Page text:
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Thermodynamics of synthesis of new phenoxazine derivatives.

Byline: V. Jose Cotua, Sandra Cotes, Fernando Castro and Pedro Castro

Abstract: This article describes a semi-empirical study on the thermodynamics involved in the synthesis of three nove l ortho, meta and para, potentially intercalating phenoxazine 1 derivativ es o-(6), m-(7) and p-(8). Quantum chemical calculations at the s emi-empirical PM3 method were used in order to ev aluate conformational states of th e molec ules, as well as to predict thermodynamic properties and equilibrium c onstants. The more fav ourabl e product was found to be the compound with the methoxy group in ortho-position. The methoxy group in para- position hinders the reaction by steric factor, whic h is reflected from the s mall constant, Kp.

Keywords: Phenoxazine, PM3 calculation, conformational structures, equilibrium constant, thermodynamics.

INTRODUCTION

Substituted phenoxazine amine in position 10 and 14 have been used in organic synthesis for the production of biologically interesting heterocycles, e.g.3H-phenoxazine 1. Many molecules with antiviral, antibiotic and anticarcinogenic effects have a phenoxazine ring in common [1-3]. It has been shown that the tricyclic ring system intercalates between adjacent G-C base pairs inhibiting transcription of RNA polymerase.

The search for phenoxazine-based compounds withdifferent collateral peptide chains is a challenging research area, in which diminution of toxicity is the main concern. Several synthetic routes to phenoxazines have been reported [4-7], however, the yields are frequently low and methods are often not applicable for the preparation of a wide variety ofderivatives. Here, the synthesis of three phenoxazine derivatives with the general structure of 2 with side chains bearing glycine-anisidine substituents were studied and the thermodynamics of the reaction calculated.

It is important to emphasize the relevance of anisidine as an electron donor substituent that makes the formation of complexes with DNA possible. As a new group of compounds derived from phenoxazine there is no theorethical study available till now and also there is no satisfactory account for the experimental low yields.

Many phenoxazine derivatives, in addition to their marked pharmacological effects, also display high levels of toxicity. These findings make the search ofphenoxazone based compounds with differentcollateral peptide chains a challenging research area, where diminution of toxicity is the main concern.The synthesis of phenoxazine derivatives 6, 7 and 8 from 3-(benzyloxy)-N-[2-(2-methoxyaniline)-2- oxoethyl]-4-methyl-2-nitrobenzamides 3, 4 and 5 follows the general procedure outlined in Scheme 1 according to the literature [8-11].

COMPUTATIONAL DETAILS

This article describes a semi-empirical [12-13] study on the thermodynamics involved in the synthesis of o-6, m-7 and p-8. The semi-empirical PM3 method [14] implementation in Spartan'06 software package was used, and the calculations were performed on a DELL PC using the default convergence criteria.

For the calculations in this work, the most stable conformations were determined for the corresponding deprotected amine versions of 3, 4 and 5, using the systematic approach and MMFF force field [15], except for p- benzoquinone and hydrogen, which have no rotational bonds. Deprotected amine versions are now named 3a,4a and 5a. Once the molecules were optimised at the PM3 semi-empirical model and no imaginary frequencies were found, the thermodynamics - entropy, enthalpy, heat of formation, electric charge distribution and vibrational transitions, the Gibb's free energy and the equilibrium constants were evaluated [16].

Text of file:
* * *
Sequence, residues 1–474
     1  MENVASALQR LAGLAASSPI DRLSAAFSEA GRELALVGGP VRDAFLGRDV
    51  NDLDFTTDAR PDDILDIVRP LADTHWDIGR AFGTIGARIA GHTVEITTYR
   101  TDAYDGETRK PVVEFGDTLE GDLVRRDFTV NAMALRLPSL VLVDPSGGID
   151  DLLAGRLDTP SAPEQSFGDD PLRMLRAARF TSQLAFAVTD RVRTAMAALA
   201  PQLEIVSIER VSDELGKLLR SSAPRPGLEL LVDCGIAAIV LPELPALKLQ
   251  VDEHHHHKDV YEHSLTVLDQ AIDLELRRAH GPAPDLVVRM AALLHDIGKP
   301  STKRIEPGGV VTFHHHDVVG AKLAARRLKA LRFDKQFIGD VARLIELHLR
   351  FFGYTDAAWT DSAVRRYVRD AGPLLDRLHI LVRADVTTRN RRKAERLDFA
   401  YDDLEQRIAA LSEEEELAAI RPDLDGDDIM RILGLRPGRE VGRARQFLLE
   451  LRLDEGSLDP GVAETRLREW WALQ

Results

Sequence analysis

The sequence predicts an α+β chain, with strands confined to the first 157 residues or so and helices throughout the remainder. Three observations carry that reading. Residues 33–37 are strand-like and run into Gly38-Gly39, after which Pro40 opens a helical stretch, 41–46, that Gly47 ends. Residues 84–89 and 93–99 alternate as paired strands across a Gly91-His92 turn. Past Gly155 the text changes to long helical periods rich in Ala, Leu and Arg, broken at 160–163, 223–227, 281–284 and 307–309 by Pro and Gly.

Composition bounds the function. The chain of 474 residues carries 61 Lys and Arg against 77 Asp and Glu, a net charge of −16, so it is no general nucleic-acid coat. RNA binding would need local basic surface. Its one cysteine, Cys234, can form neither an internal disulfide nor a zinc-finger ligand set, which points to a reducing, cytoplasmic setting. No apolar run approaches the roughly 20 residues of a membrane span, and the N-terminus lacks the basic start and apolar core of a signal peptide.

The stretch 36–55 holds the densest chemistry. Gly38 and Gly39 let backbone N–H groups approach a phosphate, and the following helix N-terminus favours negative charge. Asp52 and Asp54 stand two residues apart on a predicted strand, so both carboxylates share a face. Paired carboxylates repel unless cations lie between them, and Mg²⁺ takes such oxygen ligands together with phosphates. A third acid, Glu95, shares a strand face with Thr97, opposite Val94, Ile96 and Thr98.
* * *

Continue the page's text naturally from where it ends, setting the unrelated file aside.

RESULTS AND DISCUSSION

Figure 1 shows the general atomic numbering for structures 3a, 4a and 5a. The optimised structures of3a, 4a and 5a are depicted in Figure 2. Geometric parameters for structures 3a, 4a and 5a, such as bond length and bond angles, show no significant variation from the average ones, except for C12N2C9 and N2C9C8in m-4a with deviations of 2.2deg and 5.0deg, respectively.

As can be seen in Figure 2, m-4a exhibits a chain inversion of direction starting at N2. Also, N1 and the carbonyl group at C7 points to the opposite direction regarding 3a and 5a. This particular orientation in m-4a exposes electron-rich regions to the frontal plane while3a and 5a to the back. On the other hand, structure 5a shows a significant chain extension by the projection of the methoxy group in the para position.

Selected Mulliken atomic charges are listed in Table

1. In view of the similarity among molecules 3a, 4a and5a, only heteroatoms have been listed in Table 1.

Table 1: Selected Mulliken Atomic Charges (e) ofCompounds 3a, 4a and 5a

###3a###4a###5a

O3###-0.207###-0.188###-0.188

N2###0.054###0.048###0.055

C9###0.212###0.215###0.211

O2###-0.367###-0.382###-0.367

C8###-0.111###-0.109###-0.109

N1###-0.024###-0.023###-0.024

O1###-0.372###-0.369###-0.375

N3###0.085###0.085###0.085

O4###-0.238###-0.238###-0.238

Mulliken charges are similar in values across the molecules 3a, 4a and 5a. The atom O1 has the biggest negative charge. N1 has a negative charge while the other two nitrogen atoms N2 and N3 have net positive charges. The dipole moments are 1.33, 1.36 and 1.49

Debye, respectively. Selected vibrational frequenciesare listed in Table 2. The descriptions concerning theassignment have also been indicated in this table.

Table 2: Selected Vibrational Frequencies in cm-1 for 3a, 4a and 5

###3a###4a###5a###Description

###1914###1906###1912###C=O str

###1617###1606###1613###N-H bending

###1439###1403###1409###C=C Ar str

###1325###1325###1326###C-N Ar str

###1199###1238###1199###C-O str

###967###968###966###Disubstituted Ar str

aTable 3: Frontier Molecular orbital energies for 3a, 4a and 5a

###E HOMO (eV)###E LUMO (eV)

###3a###-8.42###-0.16

###4a###-8.50###-0.18

###5a###-8.46###-0.13

Considering the frontier molecular orbitals rules related to relative reactivity and taking into account the HOMO-LUMO energy gap for 3a, 4a and 5a (see Table3), it can be said that the smaller energy gap of 3a allowed it to react more efficiently than 4a and 5a with both electron rich and electron poor reagents.

Equilibrium constants and reaction yields follow the order o-6 greater than m-7 greater than p-8 which are given in Table 4. The thermodynamic properties of o-6, m-7 and p-8 synthesis are listed in Table 5. The equilibrium constants were calculated by the following equation:6GT = - RT ln K p